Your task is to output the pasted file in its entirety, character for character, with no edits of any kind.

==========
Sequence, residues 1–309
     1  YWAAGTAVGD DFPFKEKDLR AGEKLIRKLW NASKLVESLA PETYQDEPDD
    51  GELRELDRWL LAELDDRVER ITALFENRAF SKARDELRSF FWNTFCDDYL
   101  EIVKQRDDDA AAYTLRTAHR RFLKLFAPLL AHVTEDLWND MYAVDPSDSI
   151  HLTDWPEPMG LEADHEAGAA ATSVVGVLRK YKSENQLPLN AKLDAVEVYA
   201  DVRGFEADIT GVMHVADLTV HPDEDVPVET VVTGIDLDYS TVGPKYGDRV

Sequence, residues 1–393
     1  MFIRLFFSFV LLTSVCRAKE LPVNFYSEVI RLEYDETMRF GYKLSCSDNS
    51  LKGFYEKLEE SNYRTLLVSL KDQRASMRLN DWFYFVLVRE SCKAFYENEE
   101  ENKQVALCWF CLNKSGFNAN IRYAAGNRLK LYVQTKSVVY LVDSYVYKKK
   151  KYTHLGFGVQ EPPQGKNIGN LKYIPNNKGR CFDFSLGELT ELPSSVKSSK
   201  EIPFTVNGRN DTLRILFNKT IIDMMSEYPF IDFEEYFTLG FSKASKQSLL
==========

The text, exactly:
Sequence, residues 1–309
     1  YWAAGTAVGD DFPFKEKDLR AGEKLIRKLW NASKLVESLA PETYQDEPDD
    51  GELRELDRWL LAELDDRVER ITALFENRAF SKARDELRSF FWNTFCDDYL
   101  EIVKQRDDDA AAYTLRTAHR RFLKLFAPLL AHVTEDLWND MYAVDPSDSI
   151  HLTDWPEPMG LEADHEAGAA ATSVVGVLRK YKSENQLPLN AKLDAVEVYA
   201  DVRGFEADIT GVMHVADLTV HPDEDVPVET VVTGIDLDYS TVGPKYGDRV

Sequence, residues 1–393
     1  MFIRLFFSFV LLTSVCRAKE LPVNFYSEVI RLEYDETMRF GYKLSCSDNS
    51  LKGFYEKLEE SNYRTLLVSL KDQRASMRLN DWFYFVLVRE SCKAFYENEE
   101  ENKQVALCWF CLNKSGFNAN IRYAAGNRLK LYVQTKSVVY LVDSYVYKKK
   151  KYTHLGFGVQ EPPQGKNIGN LKYIPNNKGR CFDFSLGELT ELPSSVKSSK
   201  EIPFTVNGRN DTLRILFNKT IIDMMSEYPF IDFEEYFTLG FSKASKQSLL